ISTANBUL • Seven-time Formula One world champion Lewis Hamilton will take a 10-place grid penalty for the Turkish Grand Prix, after Mercedes changed the engine on his car yesterday amid reliability concerns.
The new internal combustion engine (ICE) exceeds the Briton's allocation of three for the season, triggering the penalty.
Hamilton is two points clear of Red Bull's Max Verstappen with seven races to go, including the one at Istanbul Park tomorrow, and the risk of mechanical failure is too big a risk to chance.
Verstappen took a penalty at the previous rain-hit race in Russia, starting last after changing his engine, but still finished second to limit the damage.
Andrew Shovlin, Mercedes' head of trackside engineering, told Sky Sports that the team had simulated all the races to the end of the year before deciding Turkey was the best option.
Recalling how Hamilton went from 19th to second at the Istanbul circuit in a GP2 race in 2006, the year before his Formula One debut with McLaren, he said: "This is a circuit, you remember Lewis and that GP2 race, where he felt there's a lot of opportunity and it should make for an exciting Sunday."
Istanbul is also a circuit that suits Hamilton, who sealed his record-equalling seventh championship here last year.
The 36-year-old would have gone to the back of the grid had Mercedes changed all the elements in the power unit, but Shovlin claimed changing the engine covered most of the risk and anything more was "a lot of fairly intrusive work".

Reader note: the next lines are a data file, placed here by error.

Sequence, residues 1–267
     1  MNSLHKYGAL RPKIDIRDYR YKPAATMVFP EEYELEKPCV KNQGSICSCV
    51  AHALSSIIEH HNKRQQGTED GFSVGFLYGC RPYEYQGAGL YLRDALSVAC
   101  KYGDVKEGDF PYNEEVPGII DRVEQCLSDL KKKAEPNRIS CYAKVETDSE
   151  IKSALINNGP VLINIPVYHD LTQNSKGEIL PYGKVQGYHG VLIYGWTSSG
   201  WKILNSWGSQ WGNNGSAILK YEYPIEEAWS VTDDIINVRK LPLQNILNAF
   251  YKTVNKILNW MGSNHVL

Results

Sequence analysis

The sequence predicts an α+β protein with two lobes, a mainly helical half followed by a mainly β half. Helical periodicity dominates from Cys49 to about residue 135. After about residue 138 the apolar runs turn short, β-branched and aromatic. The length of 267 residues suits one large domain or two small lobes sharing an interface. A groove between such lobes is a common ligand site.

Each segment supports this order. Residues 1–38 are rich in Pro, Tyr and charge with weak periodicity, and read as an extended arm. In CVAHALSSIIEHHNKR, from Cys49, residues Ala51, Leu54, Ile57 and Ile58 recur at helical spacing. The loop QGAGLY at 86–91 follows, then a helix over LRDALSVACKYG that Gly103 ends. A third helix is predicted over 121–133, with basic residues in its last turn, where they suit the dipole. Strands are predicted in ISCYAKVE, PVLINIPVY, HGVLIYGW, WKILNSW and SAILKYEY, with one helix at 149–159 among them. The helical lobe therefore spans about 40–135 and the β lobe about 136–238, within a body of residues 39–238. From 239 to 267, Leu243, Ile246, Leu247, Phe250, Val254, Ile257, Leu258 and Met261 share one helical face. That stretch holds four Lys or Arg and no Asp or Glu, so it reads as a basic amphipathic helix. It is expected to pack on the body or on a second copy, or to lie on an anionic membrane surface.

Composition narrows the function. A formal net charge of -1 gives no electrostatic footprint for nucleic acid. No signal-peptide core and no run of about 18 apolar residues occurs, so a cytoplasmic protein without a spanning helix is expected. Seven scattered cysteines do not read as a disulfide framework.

"Obviously, the thing that you definitely don't want to do is fail during a race and then have to take a penalty anyway," he said.
"Then there's also a performance element, because the power units do lose a bit of horsepower over their life.
"The bit that most contributes to that reliability element and the performance is the ICE itself and it's better to take 10 places than start from the back."
Hamilton lapped fastest in first practice yesterday in one minute and 24.178 seconds, four-tenths of a second quicker than Verstappen, who was second on the time sheets.
Ferrari's Charles Leclerc was third fastest, 0.476 off the leader.
His teammate Carlos Sainz will start from the back of the grid, after taking an entire new power unit as part of a planned upgrade.
Meanwhile, F1 chief executive Stefano Domenicali yesterday confirmed the motorsport is in talks with Turkish authorities on a long-term deal for the race.
Speaking alongside Domenicali, chairman Vural Ak, the head of Istanbul Park circuit, said they are working to secure a contract of up to 10 years.
Despite the track being popular with drivers, the Turkish GP drew low crowds when it hosted races from 2005 to 2011. Some 100,000 fans are expected to attend over the weekend.